The Birds is performed in Greek with English subtitles.
The cast features Amalia Bennett, Kostas Berikopoulos, Konstantinos Bibis, Maria Diakopanagiotou, Vasiliki Driva, Haris Frangoulis, Galini Hatzipaschali, Nikos Karathanos, Emily Koliandri, Ektor Liatsos, Christos Loulis, Grigoria Metheniti, Foivos Rimenas, Michalis Sarantis, Aris Servetalis, Giannis Sevdikalis, Elena Topalidou, Marisha Triantafyllidou, and Aggelos Triantafillou. The creative team includes Nikos Karathanos (Direction and Adaptation), Giannis Asteris (Translation and Adaptation), Elli Papageorgakopoulou (Sets and Costumes), Aggelos Triantafillou (Music), Simos Sarketzis (Lighting Design), and Amalia Bennett (Movement), and Orfeas Apergis (surtitle translation). Live musicians include Sofia Efkleidou, Michalis Katachanas, Dimitris Klonis, Vasilis Panagiotopoulos, Dimitris Tigkas.
@Kiki Papadopoulou, ARISTOPHANES’ ANCIENT COMEDY THE BIRDS
Performances of The Birds will take place May 2-5 and 8-12 at 7:30pm; May 6 & 13 at 5pm; and May 12 at 2pm. Tickets start at $40, and can be purchased at www.stannswarehouse.org, 718.254.8779 and 866.811.4111.
About Nikos Karathanos
Nikos Karathanos is a director, actor, and writer. Born in Athens, he graduated from the drama school of the National Theatre of Greece. As an actor he has played the lead role in many performances from the classical and contemporary repertory and has taken part in tours in Greece all over the world. Among other plays, he has directed The Cherry Orchard by Chekhov, for the Onassis Cultural Centre, and Operetka by W. Gombrowicz, Decameron by Boccaccio, Golfo by Spyridon Peresiadis, Syrano de Bergerac by Edmond Rostand, and Julius Caesar by Shakespeare, for the National Theatre of Greece.
About the Onassis Cultural Centre-Athens
The Onassis Cultural Centre-Athens(OCC-Athens) is a creative hub for artists, audiences and ideas, which hosts events and actions across the whole spectrum of the arts from theatre, dance, music, cinema and the visual arts to digital and hybrid art and the written word. It showcases contemporary cultural expression, supports Greek artists, cultivates international collaborations, explores the boundaries between science, art and society, and promotes lifelong learning for people of all ages. A home for innovation in contemporary culture, engaging both Greek and global communities.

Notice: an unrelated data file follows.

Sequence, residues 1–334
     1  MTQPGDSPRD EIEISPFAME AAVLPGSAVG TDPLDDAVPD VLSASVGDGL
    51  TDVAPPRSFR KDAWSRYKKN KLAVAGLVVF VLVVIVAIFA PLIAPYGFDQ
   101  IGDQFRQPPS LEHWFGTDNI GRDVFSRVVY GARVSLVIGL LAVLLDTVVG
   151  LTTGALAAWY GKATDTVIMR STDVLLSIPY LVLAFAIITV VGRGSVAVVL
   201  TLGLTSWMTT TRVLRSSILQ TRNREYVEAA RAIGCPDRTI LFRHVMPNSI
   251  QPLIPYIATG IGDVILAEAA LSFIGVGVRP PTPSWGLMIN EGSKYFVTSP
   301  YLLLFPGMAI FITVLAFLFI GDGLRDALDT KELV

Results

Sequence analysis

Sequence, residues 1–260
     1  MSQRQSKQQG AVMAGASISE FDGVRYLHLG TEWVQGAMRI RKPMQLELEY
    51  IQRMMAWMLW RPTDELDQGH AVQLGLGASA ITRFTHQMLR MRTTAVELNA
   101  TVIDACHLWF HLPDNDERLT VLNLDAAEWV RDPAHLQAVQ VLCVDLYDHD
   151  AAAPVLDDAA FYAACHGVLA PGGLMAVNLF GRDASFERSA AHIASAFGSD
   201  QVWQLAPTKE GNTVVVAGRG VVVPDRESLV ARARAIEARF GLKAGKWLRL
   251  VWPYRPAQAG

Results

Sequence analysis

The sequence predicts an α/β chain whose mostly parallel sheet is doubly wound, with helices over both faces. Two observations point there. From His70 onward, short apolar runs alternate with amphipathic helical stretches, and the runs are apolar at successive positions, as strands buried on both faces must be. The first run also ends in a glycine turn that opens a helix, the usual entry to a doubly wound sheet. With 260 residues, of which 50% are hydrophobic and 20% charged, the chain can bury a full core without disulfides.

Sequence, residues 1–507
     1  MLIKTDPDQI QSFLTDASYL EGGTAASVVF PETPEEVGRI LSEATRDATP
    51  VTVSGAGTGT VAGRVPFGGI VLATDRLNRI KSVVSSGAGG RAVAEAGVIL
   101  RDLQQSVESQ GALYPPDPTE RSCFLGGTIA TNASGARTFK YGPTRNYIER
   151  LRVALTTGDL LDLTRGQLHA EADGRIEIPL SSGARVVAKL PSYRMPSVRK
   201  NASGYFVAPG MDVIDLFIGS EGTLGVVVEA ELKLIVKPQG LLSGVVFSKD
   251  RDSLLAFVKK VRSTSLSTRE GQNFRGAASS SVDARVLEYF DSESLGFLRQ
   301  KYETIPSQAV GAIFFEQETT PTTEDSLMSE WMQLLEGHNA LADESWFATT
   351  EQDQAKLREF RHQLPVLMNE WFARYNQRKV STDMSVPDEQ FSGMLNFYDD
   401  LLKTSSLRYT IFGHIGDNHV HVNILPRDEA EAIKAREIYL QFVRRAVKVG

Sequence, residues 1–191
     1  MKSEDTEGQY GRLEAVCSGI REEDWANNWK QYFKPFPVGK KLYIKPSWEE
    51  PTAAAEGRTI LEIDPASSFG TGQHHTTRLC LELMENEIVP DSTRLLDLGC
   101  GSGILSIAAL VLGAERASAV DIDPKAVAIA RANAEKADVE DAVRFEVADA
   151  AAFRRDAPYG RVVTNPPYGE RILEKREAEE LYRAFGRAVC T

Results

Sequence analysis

The foundations of the Onassis Cultural Centre-Athens were laid in 2004. The construction process was exclusively funded and overseen by the Onassis Foundation. The design is the work of the French architectural practice “Architecture Studio”. The building includes two main auditoria, seating 880 and 220 respectively, which are suited to a wide range of events including theatre and dance performances, concerts, film screenings (multimedia, virtual reality), lectures and conferences. It opened its gate in December 2010.
The Onassis Cultural Centre-Athens produces, co-produces and stages around 40 theatre/dance productions and 60 concerts per season. It produces more than 10 music/theatre/dance festivals featuring international and Greek artists and groups. It also hosts and co-produces an average of three major exhibitions, plus ten or so lectures and conferences as part of the “Talks & Thoughts” cycle and more than 70 educational programmes for all ages per year. In addition, on an annual basis, it plans and coordinates international tours and exchanges for OCC-Athens productions, coordinates or takes part in international networks, collaborates with international and nationwide partners in various ways, and promotes interawareness and interaction between science, innovation and the arts. International partners and venues include Barbican Centre, Théâtre de la Ville, Odéon-Théâtre de l’Europe, Münchner Kammerspiele, Festival d' Avignon, Holland Festival, Vienna Festival, Festival Internacional Santiago a Mil, and more.